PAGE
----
Genesis iii. 21.

June 26, 2010

And the Lord God made for Adam and his wife, garments of skins, and clothed them.

21. “Garments of skins”

St. Chrysostom: “Just like a merciful father having a son gifted with a good nature, reared with every care, enjoying all delights, clothed with a shining silk garment, securely using his father’s riches, who, when he sees him fallen from such great good fortune into a precipice[1] of malice, takes everything from him, and subjects him to his power, strips him of his garment, and clothes him with a vile and servile garment, lest he be completely naked and disgraceful: in this way, because Adam and Eve had shown themselves unworthy of that glorious and shining garment with which they were clothed, and because He did not permit them to be at risk from bodily necessities – in this way the kind God stripped them naked of all that glory and enjoyment in which they had rejoiced before this heavy fall: and, showing great mercy towards them who had fallen into such wickedness, and seeing them surrounded by great shame, and destitute of counsel, He makes garments of skin for them, lest they be naked and unbecoming, and clothes them in them.  For such are the devil’s artifices: when he finds people who will obey him, he fools them with a certain small amount of pleasure, and then, having thrown them, full of every confusion and disgrace, into the depths of malice, leaves them to lie there, a miserable spectacle to all who see it.  But the Guardian of our souls, seeing them in such difficulties, does not despise the two placed in this state, but provides a covering for them, showing by the vile vestment the clothing of which they had made themselves worthy” (Homiliæ in Genesin, xviii. 1.).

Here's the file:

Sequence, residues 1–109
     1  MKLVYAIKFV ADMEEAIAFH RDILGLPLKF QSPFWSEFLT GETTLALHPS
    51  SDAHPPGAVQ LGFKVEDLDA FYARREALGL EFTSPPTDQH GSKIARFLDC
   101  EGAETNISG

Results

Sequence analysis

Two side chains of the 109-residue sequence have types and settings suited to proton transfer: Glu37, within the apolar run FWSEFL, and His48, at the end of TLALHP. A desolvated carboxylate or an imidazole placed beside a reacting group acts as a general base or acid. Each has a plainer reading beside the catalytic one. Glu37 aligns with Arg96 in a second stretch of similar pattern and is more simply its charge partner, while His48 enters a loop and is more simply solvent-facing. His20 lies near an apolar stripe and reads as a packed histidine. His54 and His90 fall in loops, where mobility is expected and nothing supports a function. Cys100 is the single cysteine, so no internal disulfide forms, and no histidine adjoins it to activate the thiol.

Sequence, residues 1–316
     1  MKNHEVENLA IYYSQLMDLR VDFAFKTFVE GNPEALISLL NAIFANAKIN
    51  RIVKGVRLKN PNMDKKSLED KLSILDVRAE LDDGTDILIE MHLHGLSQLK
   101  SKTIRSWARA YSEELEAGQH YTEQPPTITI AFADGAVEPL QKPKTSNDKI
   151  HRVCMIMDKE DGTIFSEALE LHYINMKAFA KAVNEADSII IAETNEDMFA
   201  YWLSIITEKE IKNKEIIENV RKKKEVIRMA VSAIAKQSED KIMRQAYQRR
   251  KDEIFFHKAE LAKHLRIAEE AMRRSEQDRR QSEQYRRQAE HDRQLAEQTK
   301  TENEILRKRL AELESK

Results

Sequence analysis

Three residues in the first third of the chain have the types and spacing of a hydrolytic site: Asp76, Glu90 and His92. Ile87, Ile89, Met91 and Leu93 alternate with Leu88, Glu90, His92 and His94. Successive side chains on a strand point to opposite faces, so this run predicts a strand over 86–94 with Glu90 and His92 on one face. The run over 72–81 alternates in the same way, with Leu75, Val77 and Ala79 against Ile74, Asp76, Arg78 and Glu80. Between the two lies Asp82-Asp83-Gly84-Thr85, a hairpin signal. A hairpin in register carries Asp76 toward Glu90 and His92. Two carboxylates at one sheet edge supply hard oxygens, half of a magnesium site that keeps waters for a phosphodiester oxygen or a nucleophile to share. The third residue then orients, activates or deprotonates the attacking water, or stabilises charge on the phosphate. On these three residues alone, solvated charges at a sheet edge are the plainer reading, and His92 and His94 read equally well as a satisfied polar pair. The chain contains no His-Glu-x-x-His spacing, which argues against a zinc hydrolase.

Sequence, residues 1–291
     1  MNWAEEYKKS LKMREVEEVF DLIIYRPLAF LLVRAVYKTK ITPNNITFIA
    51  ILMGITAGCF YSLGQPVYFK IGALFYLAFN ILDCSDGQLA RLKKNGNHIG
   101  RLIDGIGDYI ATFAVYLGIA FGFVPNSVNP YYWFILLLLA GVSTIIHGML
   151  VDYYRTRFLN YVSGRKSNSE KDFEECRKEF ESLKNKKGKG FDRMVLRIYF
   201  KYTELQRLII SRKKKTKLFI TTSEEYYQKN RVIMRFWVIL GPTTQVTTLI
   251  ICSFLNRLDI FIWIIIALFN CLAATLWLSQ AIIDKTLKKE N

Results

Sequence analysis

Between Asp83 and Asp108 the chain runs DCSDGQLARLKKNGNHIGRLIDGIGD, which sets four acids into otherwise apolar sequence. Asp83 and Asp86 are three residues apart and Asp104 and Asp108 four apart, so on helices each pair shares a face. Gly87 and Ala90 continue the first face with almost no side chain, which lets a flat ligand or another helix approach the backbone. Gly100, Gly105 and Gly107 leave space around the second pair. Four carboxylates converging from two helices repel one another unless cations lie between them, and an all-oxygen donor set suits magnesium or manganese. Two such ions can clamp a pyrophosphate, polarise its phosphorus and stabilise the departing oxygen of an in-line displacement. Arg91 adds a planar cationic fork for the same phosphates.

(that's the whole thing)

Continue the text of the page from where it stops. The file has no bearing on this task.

St. Bede: “By a garment of this sort the Lord shows that they have already been made mortal; for skins, which can only be taken from dead beasts, contain a figure of death.[2] And so, because man sought to be like God, not by legitimate imitation but against the command and with forbidden pride, he is thrown down to the mortality of the beasts … and the Creator Himself by the sentence of just judgment took away their state of immutable life and sentenced them to the punishment of death in soul and body at once.  Now a parable in the Gospel tells how the holy father, when his son returned to him by penitence, among other luxurious gifts commanded that a magnificent robe be brought forth, and that he be clothed in it: this mystically suggests that the garment of immortality, which Adam lost at the beginning of the world, is to be received by the elect in Christ at the end of the world, and indeed in greater grace.  For Adam was made immortal in such a way that he was able not to die, if he kept the command; but the children of the resurrection will be immortal in such a way, that they will be unable to die, nor to be afflicted with the fear of death.  The Apostle says of the reception of this robe: For this corruptible must put on incorruption; and this mortal must put on immortality.[3] Here ‘to put on’ signifies without doubt that the nakedness that Adam recognized with shame in himself and Eve after their sin is taken away” (In Principium Genesis I col. 60).

[1] Lat. præcipitium, Gr. κρημνὸν.

[2] Cf. St. Thomas: “God made garments of skins for them as a sign of their mortality” (ST. IIa-IIae q. clxiv. a. ii.).

[3] 1 Cor. xv. 53.


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